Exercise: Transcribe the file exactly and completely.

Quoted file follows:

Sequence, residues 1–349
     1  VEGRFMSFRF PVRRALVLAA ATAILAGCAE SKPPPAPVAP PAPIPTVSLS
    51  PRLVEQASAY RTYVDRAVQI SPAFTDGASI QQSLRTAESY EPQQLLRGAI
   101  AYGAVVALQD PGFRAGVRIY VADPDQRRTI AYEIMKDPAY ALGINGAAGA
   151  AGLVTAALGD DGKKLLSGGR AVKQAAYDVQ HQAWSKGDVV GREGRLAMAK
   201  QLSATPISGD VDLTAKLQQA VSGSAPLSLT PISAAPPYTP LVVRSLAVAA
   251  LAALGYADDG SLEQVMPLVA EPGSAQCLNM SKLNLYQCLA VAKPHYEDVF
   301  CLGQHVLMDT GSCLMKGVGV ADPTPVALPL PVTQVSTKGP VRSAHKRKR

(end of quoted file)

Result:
Sequence, residues 1–349
     1  VEGRFMSFRF PVRRALVLAA ATAILAGCAE SKPPPAPVAP PAPIPTVSLS
    51  PRLVEQASAY RTYVDRAVQI SPAFTDGASI QQSLRTAESY EPQQLLRGAI
   101  AYGAVVALQD PGFRAGVRIY VADPDQRRTI AYEIMKDPAY ALGINGAAGA
   151  AGLVTAALGD DGKKLLSGGR AVKQAAYDVQ HQAWSKGDVV GREGRLAMAK
   201  QLSATPISGD VDLTAKLQQA VSGSAPLSLT PISAAPPYTP LVVRSLAVAA
   251  LAALGYADDG SLEQVMPLVA EPGSAQCLNM SKLNLYQCLA VAKPHYEDVF
   301  CLGQHVLMDT GSCLMKGVGV ADPTPVALPL PVTQVSTKGP VRSAHKRKR